Incidence of DWI/DUI in Transportation Businesses
Even though cases of Driving While Intoxicated (DWI) and Driving Under the Influence (DUI) are generally on the decline across the country, it still remains at worryingly high levels. The Centers for Disease Control and Prevention (CDC) estimates that in the U.S. about 29 people die every single day in motor vehicle related accidents in which alcohol impaired driving was the main causative factor.
While alcohol-related accidents costs the economy over $44 billion each year, one industry that may be the most susceptible are those that operate in the transportation industry. This is perhaps because the consequences of an employee found to be driving while intoxicated, especially during working hours or while operating a company vehicle can be quite damaging to the business, ranging from injury to the employee or others, fatalities, license suspensions, legal action against the company and even jail time.
For a multitude of reasons, no business ever wants one of their employees to face DWI/DUI charges. However, since alcohol and drug-related car accidents are an unfortunately common occurrence, it is important for businesses to be able to affirm that they have done everything in their power to prevent this from happening with their employees, for legal as well as moral reasons.
Here are some steps transportation businesses can take to minimize instances of employee DWI/DUI.
Many businesses make use of thorough background checks when hiring new employees, and for good reason. Previous DWI/DUI convictions serve as powerful red flags when considering someone for a job within the transportation industry.
It is important to note that background checks are subject to regulations at the state and federal level, including the federal Fair Credit Reporting Act (FCRA). However the FCRA applies to investigations or checks conducted by third parties, so it may be a good idea to conduct in-house checks for new hires where possible. Be aware, also, that if a business chooses not to hire somebody on the basis of a previous conviction, some states requires them to provide reasoning why this conviction is relevant to job performance. However, the logical link between an applicant being convicted of driving while intoxicated and being unfit for a position within the transportation industry may be pretty clear–just be sure that you have thorough documentation of the applicant’s record, your company’s hiring policies, and the contact information of an experienced business lawyer in case of legal trouble.
It can also be beneficial to administer drug tests regularly or at the time of hiring so that you can have the most necessary and up-to-date information on your employee’s’ compliance with drug and alcohol policies at all times.
Communicate with Employees
The Occupational Safety & Health Administration recommends that businesses regularly communicate with employees about policies involving safety, drug and alcohol use, and driving during working hours in order to reduce car accidents among employees. This can include keeping copies of your company’s policies and procedures clearly posted around the workplace or well distributed among employees so that everyone knows and understands them at all times. It is beneficial to keep them somewhere visible so that the seriousness of these policies is present in employees’ minds throughout the workday.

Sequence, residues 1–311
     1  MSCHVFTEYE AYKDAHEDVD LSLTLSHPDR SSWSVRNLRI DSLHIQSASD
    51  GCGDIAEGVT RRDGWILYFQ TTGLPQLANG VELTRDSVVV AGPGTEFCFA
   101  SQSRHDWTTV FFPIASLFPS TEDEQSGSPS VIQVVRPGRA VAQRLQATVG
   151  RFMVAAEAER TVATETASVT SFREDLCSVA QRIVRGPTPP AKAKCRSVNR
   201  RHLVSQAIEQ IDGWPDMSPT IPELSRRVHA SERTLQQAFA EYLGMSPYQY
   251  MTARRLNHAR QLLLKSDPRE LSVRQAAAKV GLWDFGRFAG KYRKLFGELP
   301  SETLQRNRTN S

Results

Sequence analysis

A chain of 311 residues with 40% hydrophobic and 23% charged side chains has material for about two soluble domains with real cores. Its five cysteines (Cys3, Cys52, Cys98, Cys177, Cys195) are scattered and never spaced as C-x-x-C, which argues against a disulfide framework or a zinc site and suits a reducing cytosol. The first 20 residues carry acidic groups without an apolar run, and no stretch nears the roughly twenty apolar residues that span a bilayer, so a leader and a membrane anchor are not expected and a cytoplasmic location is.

It is also recommended that business owners require employees to sign documents, such as Driver Agreements, affirming that they understand and will comply with the company’s drug and alcohol policies, as well as safety procedures. This way, both parties can affirm that employees thoroughly understand what is required of them as it relates to DWI/DUI incidents.
Create an Environment that Promotes Safety
In addition to thorough documentation and written communication, there are actions that transportation businesses can take to make employees understand the importance of safety in the workplace and during work hours.
It may be helpful to ensure that employees have access to counseling or other mental health services, whether within the company premises or outside of it. A 2007 research finding indicated that people evaluated for alcoholism as a result of DWI and DUI charges had an increased likelihood of psychiatric disorders, begging the question of whether alcoholism and other drug dependencies may be potentially avoided by preemptive mental health interventions. To some employers, this may seem like a premature step, however, it lets employees know that their health, wellbeing and safety are taken seriously by the company.
Another action recommended by the OSHA is to reach out to the greater community outside the company regarding the importance of safe driving and the gravity of DWI/DUI charges. For example, some businesses may choose to hold public events to raise awareness of these issues. This can not only benefit public relations but create a community understanding that your business is doing all it can to prevent DWI incidents.